What's the definition of "fine wine?"
Generally, this term is reserved for exceptional wines from the world's best vineyards, the highest quality grapes and the most acclaimed winemakers. Over a period of years, they've achieved 'blue chip' status — Grand Cru clarets and Burgundies are classic examples. Due to demand, such wines can command anything from around $50 to $200 or more a bottle.
Are they worth it?It's a bit like asking a car enthusiast if a Ferrari is worth the money (if you see it just as a means of getting from A to B the answer is probably no). If wine is just a drink like any other, then perhaps no. But if wine is a genuine interest and if your enjoyment of it encourages you to experience greater, more complex, richer and satisfying bottles, then this is an area you ought to be exploring.
If I spend twice as much will it be twice as good?Yes … no … well, sometimes. A $10 bottle of wine may well be twice as good as a $5 bottle … and a $16 bottle twice as good as an $8 one. Over and above this level though the value for money becomes more subjective. To a degree, you're paying a premium for perfection because it's so rare and so hard to achieve. You need therefore to buy with caution to avoid expensive mistakes. You can find the occasional gem for $15 or less, but wines above $50/bottle usually guarantee a wine made without compromise. It may not be your cup of tea, but it will be made with perfection in mind.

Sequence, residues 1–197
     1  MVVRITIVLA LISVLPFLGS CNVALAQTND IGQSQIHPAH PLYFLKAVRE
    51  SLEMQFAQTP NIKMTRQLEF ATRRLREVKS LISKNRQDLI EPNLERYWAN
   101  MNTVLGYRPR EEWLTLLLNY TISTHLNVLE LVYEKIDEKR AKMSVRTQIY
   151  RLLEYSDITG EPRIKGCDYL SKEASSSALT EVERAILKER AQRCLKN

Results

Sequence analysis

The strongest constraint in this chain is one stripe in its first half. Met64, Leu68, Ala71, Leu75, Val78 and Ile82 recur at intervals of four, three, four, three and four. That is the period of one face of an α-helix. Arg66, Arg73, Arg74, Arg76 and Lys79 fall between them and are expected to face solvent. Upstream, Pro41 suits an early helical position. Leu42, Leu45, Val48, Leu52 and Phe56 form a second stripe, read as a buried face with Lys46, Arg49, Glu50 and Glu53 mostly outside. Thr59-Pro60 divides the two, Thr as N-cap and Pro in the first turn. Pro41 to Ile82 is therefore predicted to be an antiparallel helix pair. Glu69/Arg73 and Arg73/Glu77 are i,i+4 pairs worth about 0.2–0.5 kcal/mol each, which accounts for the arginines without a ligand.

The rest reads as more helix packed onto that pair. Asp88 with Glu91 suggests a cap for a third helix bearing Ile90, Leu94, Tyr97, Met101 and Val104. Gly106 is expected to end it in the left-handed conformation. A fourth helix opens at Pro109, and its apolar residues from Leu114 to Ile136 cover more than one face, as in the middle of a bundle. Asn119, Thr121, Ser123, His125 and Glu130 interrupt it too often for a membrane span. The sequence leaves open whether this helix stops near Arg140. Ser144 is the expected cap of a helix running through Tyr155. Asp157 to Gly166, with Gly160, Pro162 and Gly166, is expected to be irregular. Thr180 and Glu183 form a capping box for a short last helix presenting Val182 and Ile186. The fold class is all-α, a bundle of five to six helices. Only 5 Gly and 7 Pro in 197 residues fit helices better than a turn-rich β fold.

How do I know what to buy?As with any specialist product the most important thing is expert advice from someone you trust. At WSJ Wine, we don't buy on name and previous reputation — we select with great care, always taste 'blind' and ensure that all wines are very competitively priced. Backed by our unconditional guarantee you can buy with complete confidence.
What is 'En Primeur' buying?Another word for this is 'pre-release' buying because you pay the 'cellar door' price of a wine prior to its official release. This guarantees your allocation of the wine … and protects you from likely price rises in the future. Shipping, insurance and duties are paid prior to delivery. 'En Primeur' buying is most common for fine Bordeaux and Burgundies, although we have a few exclusive selections that we make available on an allocated basis each year.
How do I know when to drink my fine wines?Many of the finest wines in the world are built to last and need a few years to mature in bottle. In our wine lists you will find suggested 'starting' and 'drink by' dates. Sometimes we are able to offer small parcels of mature wines which are ready to enjoy straight away. Give them a couple of weeks to 'settle down' first though after the journey to your door.